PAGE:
Haiti – October 28 2022

Haiti: Children out of school, lack food and support

Brutal gang violence, lack of fuel, extremely high food prices and a cholera outbreak: a series of crises has shaken Haiti, and children and families in the Caribbean country are in dire need.  

Haiti has been in an acute political crisis since the assassination of President Jovenel Moïse in July 2021. A severe earthquake a month later worsened the situation, making it increasingly unstable. Now it has become even worse, as criminal gangs have taken over Haiti.  

Gangs rule 

“Every time we leave the house, we pray that we will not be kidnapped,” says Faimy Loiseau, National Director of SOS Children's Villages Haiti. 

“The population is just hoping that life comes back, because we're not living. We are not living,” she adds. 

The gangs, she says, are extremely brutal towards the population. There is kidnapping, extortion, they control all the fuel trade, spread fear and suffering, and have plunged Haiti into chaos. 

Rapes and murders are part of everyday life, schools are closed until further notice, hospitals have severely limited capacity, and banks are only open a few days a week. Angry mobs protesting the rise in fuel prices and demanding the resignation of the prime minister have destroyed people's property and shops, and blocked off many areas. Many people have not been able to leave their homes for weeks.

Even for the children who are safe, the term "safe" must be used with caution because the gangs are everywhere, says Ms. Loiseau.

Schools were originally supposed to have opened on 3 September, but due to the chaotic situation in the country, the government sent out a message that this was postponed. The schools are still closed, says Ms. Loiseau.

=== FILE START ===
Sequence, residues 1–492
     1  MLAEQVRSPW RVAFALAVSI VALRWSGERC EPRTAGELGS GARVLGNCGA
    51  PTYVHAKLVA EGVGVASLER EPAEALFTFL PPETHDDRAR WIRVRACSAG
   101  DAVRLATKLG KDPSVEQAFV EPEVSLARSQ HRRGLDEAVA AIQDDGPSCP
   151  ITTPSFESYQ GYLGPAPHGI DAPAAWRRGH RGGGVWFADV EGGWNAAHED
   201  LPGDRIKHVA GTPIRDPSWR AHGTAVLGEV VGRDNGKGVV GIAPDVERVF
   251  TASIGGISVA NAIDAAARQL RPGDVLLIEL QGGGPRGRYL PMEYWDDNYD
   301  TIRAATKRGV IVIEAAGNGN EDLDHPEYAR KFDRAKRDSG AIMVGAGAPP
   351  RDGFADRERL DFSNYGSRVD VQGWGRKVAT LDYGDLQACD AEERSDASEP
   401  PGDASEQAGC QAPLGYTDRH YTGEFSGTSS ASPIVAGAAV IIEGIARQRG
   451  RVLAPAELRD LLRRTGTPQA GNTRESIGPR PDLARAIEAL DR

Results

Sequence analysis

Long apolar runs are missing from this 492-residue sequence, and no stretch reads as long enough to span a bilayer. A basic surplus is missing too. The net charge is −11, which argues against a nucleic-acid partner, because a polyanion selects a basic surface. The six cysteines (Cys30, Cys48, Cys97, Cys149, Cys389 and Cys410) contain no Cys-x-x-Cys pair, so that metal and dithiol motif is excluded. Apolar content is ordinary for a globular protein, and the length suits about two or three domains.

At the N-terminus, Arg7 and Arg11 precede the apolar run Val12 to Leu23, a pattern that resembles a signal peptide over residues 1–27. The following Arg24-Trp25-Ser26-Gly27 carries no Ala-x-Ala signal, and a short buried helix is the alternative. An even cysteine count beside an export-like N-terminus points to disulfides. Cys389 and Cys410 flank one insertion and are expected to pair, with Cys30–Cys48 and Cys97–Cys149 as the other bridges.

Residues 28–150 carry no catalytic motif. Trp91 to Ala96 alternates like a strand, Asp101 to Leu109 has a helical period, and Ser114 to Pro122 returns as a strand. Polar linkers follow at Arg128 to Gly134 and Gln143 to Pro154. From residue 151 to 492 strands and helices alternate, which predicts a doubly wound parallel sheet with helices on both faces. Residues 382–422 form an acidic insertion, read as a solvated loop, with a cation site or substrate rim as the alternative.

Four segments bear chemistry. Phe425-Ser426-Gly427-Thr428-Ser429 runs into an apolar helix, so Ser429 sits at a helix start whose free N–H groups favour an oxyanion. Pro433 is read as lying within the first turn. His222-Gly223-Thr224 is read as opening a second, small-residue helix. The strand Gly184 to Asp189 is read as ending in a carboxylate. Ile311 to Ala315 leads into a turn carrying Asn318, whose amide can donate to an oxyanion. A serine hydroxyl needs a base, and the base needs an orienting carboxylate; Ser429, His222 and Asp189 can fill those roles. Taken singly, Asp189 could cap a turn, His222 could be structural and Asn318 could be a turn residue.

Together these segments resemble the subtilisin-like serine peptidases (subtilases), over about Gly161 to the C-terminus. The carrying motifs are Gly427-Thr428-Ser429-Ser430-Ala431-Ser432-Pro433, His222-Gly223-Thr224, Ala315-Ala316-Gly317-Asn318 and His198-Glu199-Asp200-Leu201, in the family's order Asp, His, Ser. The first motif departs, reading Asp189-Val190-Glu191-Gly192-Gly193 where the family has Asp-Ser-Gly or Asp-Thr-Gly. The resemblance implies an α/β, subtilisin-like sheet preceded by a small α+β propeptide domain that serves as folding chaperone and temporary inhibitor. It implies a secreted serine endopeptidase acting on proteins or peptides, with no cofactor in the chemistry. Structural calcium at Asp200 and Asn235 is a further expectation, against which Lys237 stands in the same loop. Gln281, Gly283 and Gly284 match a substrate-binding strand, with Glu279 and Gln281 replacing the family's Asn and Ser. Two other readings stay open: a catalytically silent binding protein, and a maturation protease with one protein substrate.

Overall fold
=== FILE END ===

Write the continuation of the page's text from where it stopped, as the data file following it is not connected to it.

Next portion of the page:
Some schools are able to teach online, but most do not have internet access or the proper materials to do so. Also, due to the violence, it is simply too dangerous to have children out in public going to school. “In Haiti, due to the insecurity, you have to be very cautious in everything you do. You have to keep a low profile in order to avoid becoming a victim,” Ms. Loiseau says.

People are starving 

Haiti produces little food itself and is dependent on imports. Due to a lack of fuel, transport has come to a complete halt, which has led to a shortage of goods and has dramatically increased prices. Now even more people are starving. 

As if the situation were not dire enough, there is now a cholera outbreak. Garbage piles up in the streets and access to clean water can be difficult. There are fears that cholera will spread quickly. Of the nearly 2,000 suspected cases of cholera, half are children. 

Concern for children in programmes 

SOS Children's Villages has been active in Haiti for several decades and is preparing further aid measures, especially to address the food crisis. 

The children and families living in the SOS Children's Villages in Haiti are safe. 

However, out in the community, the families with children who receive support from SOS Children’s Villages are struggling. “They are in a very precarious situation because we cannot reach them,” says Ms. Loiseau. 

Many of the community centers and kindergartens that were access points to provide food and social services are closed. SOS Children’s Villages is working to map the needs and hopes that in the near future it will have the opportunity to help, but the economic situation contributes to the uncertainty. “Everything has become extremely expensive,” the national director says. 

Major psychological consequences for children 

"When children see family members die in front of their eyes or no one can tell them why they are no longer allowed to go to school, or whether they get food, this has major consequences," says Ms. Loiseau. 

“The one thing that everyone wants is to get back our life. We want to live well. We want to be finished with the gangs. We would like to have a good government. So basically, that's what people are hoping,” she concludes.